>"5) Not sure what that means"
It means "what/who are your favorite sellers for buying Shimano components?". Google searches yield thousands of hits so I'm looking for guidance on where to buy the hardware.
10-23-09, 11:00 AM
I have the same LX shifters on my mountain bike that came with the GT Karakoram I bought in 1997, and they work flawlessly. I mention this because, if your shifters are actually broken (and not just gummed up with old grease, which is very very common), it is an anomaly. Since the early '90s, SHimano shifters from Alivo up to XTR, have all been very reliable components.
If you can find some NOS LX or XT 8 speed shifters they will probably outlast the rest of the bike. ALivio level shifters are, I think, still available in 8 speed from most LBSs, and these are also a very good product... and they are inexpensive.
If you need new shifters it makes good economic sense to upgrade to 9-speed with new shifters, cassette, and chain. The old derailleurs will work fine. The shifters, chain, and cassette need to match in "speeds". With XTR you'd be paying a premium for light weight. One of the intermediate groups would be just as good otherwise, like Deore XT.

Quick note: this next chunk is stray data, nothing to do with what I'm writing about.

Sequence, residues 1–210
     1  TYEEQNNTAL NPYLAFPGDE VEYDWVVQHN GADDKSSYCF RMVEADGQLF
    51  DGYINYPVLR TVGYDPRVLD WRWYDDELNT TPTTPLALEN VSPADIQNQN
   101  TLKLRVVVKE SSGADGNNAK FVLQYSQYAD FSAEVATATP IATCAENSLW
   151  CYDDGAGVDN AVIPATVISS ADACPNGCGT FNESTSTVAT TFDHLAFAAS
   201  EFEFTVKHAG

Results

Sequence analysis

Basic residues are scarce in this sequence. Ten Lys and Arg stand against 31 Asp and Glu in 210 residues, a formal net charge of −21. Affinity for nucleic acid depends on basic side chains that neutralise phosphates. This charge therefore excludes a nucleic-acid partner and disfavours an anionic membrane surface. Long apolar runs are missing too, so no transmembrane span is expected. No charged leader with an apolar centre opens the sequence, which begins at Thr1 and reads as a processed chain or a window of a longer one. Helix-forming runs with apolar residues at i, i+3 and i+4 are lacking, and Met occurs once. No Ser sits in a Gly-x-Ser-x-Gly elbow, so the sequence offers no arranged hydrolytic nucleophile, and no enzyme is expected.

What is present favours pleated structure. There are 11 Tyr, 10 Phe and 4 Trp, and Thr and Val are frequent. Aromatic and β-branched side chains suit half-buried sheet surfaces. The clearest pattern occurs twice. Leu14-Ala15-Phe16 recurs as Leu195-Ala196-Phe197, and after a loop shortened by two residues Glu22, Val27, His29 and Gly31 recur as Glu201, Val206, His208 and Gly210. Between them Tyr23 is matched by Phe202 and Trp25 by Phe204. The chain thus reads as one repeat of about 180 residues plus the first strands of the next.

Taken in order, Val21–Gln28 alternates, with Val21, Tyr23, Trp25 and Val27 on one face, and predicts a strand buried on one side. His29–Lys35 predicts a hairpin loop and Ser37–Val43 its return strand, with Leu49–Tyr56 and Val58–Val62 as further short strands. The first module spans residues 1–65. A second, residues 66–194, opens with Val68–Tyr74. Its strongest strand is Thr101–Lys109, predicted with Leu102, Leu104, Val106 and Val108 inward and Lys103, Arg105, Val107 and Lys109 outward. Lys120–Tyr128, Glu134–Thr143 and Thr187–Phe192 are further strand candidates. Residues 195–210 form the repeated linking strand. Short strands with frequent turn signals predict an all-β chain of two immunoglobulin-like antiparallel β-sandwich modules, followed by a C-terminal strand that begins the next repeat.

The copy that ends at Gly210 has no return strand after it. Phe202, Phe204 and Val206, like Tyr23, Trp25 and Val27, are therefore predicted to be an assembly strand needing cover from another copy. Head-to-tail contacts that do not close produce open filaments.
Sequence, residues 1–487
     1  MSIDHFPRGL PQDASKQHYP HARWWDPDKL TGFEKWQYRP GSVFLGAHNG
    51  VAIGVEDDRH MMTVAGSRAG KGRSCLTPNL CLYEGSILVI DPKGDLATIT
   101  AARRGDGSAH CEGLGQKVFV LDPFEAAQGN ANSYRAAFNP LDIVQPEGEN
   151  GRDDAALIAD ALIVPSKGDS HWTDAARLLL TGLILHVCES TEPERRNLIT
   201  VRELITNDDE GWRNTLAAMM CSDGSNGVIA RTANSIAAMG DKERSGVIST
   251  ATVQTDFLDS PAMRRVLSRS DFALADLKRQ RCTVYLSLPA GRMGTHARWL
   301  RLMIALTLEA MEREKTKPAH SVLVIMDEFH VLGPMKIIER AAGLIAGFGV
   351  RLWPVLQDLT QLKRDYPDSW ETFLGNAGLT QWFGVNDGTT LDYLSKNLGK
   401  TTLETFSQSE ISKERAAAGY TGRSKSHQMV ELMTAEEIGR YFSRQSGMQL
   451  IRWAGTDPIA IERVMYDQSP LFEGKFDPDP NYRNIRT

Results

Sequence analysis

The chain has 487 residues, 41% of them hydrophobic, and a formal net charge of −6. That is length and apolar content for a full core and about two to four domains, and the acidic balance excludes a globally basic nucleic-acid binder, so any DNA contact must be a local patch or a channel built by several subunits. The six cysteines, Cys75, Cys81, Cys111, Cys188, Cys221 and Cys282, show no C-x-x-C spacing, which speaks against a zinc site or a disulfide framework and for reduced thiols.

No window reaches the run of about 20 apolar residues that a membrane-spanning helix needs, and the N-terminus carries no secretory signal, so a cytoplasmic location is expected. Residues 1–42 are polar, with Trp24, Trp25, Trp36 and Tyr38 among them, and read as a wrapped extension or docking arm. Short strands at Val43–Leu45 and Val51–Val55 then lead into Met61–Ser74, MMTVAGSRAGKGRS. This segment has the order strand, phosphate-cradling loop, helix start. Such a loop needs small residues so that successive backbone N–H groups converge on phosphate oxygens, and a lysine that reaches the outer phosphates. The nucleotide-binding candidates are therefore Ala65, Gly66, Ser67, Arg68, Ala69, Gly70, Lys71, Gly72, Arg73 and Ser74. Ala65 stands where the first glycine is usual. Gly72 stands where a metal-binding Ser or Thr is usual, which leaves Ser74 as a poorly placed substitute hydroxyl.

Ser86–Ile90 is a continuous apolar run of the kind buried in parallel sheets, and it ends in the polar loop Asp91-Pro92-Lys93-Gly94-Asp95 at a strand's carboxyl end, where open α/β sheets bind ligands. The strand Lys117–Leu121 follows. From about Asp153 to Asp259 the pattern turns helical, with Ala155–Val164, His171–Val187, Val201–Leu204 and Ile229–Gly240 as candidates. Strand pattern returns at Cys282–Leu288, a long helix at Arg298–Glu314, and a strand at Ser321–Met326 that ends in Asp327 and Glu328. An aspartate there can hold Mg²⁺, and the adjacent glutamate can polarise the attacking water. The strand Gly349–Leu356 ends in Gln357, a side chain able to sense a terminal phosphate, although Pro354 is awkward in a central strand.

I agree with bikinfool, above.
10-23-09, 02:07 PM
I had a LBS look over & tune up the bike back when I resurrected it from the basement this summer to start commuting. At that time they said that the front shifter wouldn't go to the big chain ring, that the internals "were shot cuz there's a lot of plastic in there that just wears out" and that it would be more cost effective to just replace the shifter.
Before taking the LBS' word that it's irreparable, just try the WD-40 trick. All you have to lose is 5 minutes and a little WD. A year ago, I resurrected a left shifter with the exact same problem and it's functioned perfect since. It wasn't the plastic that was worn down, the grease had gotten too thick and wasn't letting the pawls catch on each other.
10-23-09, 02:16 PM
Before taking the LBS' word that it's irreparable, just try the WD-40 trick. All you have to lose is 5 minutes and a little WD.
Quite right, nothing to lose. I will try it.
Thank you, everyone, for your feedback. I am very detail oriented so the whole ball of wax regarding components, compatibility, and installation feels overwhelming to me. I just want my bike to work. :o Here's hoping for WD40 success!